New materials are being tested under racing conditions that could replace materials such as aluminium and carbon fibre in future race cars. This project receives support from Julia Klöckner’s Federal Ministry of Food and Agriculture. The driver’s door of the 357 kW (485 hp) racing taxi from Weissach is made out of a natural-fibre composite material. Porsche is the development partner of the Fraunhofer Application Centre HOFZET for the production and testing of components.

As part of the test drives of the German racing team Four Motors around the cult musician and TV juror Smudo, Julia Klöckner got the chance as a passenger to be impressed by the sustainable biomaterial. During the test, the pair lapped the 24.4-kilometre combination of the Grand Prix Circuit and Nordschleife at race speed. 

“The racetrack provides the proof: A race car with components made of plant fibres performs just as well as a conventional racing car. And what works under high-performance and extreme conditions works even better in everyday life,” said Klöckner after her drive in the Porsche 911 GT3 Cup at the Nürburgring. “Using bio solutions in automotive construction is high-tech and not a knitted sweater. With Porsche, we’ve managed to win over an automobile manufacturer for the first time with which we can test the lightweight bio-components for series production,” added Smudo.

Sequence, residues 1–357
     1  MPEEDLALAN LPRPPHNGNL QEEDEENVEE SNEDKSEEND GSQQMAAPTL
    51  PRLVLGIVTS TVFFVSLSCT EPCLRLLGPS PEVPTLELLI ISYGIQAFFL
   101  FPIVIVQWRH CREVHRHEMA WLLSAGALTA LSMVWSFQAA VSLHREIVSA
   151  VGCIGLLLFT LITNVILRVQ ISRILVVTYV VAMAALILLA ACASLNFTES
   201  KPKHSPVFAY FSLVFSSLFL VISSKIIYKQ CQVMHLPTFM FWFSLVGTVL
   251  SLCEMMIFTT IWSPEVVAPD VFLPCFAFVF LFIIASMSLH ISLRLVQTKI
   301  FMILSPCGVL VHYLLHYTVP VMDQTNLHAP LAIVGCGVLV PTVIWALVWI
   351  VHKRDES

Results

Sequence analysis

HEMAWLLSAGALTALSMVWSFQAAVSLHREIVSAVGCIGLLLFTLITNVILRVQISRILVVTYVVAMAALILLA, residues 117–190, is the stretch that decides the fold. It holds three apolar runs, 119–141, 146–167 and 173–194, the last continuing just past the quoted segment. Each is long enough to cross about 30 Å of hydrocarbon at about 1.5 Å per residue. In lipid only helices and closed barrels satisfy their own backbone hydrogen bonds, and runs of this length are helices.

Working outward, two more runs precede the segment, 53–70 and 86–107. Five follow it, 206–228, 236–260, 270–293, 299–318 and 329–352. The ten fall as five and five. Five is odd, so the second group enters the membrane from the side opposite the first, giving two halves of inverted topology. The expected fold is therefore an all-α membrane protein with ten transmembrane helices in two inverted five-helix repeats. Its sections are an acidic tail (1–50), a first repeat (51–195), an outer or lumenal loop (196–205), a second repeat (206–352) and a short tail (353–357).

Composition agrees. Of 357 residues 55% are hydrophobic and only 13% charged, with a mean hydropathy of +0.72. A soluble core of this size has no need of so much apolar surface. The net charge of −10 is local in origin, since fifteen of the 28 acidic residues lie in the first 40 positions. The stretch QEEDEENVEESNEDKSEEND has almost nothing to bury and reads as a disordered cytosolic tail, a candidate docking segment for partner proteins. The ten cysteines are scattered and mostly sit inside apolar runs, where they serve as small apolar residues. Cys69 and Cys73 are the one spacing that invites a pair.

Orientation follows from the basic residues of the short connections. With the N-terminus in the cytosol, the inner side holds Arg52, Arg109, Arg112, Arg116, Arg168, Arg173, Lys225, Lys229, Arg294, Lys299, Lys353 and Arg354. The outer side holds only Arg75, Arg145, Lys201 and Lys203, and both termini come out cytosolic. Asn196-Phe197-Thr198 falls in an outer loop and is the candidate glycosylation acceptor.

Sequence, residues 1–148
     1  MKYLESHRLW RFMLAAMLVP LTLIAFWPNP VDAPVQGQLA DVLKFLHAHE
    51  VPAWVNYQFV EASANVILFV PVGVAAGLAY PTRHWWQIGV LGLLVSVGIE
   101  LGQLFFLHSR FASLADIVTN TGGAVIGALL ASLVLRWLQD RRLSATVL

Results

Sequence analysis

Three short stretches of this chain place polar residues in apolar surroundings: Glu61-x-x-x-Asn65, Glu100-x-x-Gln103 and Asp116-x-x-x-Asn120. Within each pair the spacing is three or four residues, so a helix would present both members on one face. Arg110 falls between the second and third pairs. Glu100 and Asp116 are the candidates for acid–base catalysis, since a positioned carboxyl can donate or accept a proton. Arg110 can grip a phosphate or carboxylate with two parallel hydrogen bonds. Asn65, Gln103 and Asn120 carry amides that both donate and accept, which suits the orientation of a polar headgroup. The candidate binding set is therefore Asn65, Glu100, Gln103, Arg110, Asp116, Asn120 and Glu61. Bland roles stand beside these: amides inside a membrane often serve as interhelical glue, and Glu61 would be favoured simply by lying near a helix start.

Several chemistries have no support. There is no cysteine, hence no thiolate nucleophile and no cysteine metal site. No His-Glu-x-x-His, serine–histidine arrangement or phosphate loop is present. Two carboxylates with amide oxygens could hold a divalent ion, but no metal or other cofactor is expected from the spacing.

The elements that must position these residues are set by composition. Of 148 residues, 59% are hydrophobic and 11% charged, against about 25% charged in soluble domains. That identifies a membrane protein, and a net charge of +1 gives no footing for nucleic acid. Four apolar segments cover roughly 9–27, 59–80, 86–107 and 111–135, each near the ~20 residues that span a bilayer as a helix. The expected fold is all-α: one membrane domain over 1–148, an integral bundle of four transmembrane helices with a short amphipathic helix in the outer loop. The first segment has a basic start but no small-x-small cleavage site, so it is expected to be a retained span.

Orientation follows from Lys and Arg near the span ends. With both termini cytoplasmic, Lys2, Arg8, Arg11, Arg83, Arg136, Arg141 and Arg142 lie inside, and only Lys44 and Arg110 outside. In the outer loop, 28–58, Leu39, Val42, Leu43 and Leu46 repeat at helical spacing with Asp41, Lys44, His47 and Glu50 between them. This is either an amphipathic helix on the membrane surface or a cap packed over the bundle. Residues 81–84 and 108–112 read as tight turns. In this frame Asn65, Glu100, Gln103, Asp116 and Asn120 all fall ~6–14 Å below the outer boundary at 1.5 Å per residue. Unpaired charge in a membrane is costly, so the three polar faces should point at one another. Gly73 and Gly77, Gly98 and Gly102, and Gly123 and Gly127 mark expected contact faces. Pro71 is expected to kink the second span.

Porsche has been working with scientists from the Fraunhofer WKI on new materials for future vehicles for about two years now. Among other things, the specialists are researching renewable raw materials such as flax or hemp fabrics, which could replace conventionally-produced components such as doors, hoods, sills and rear wings.

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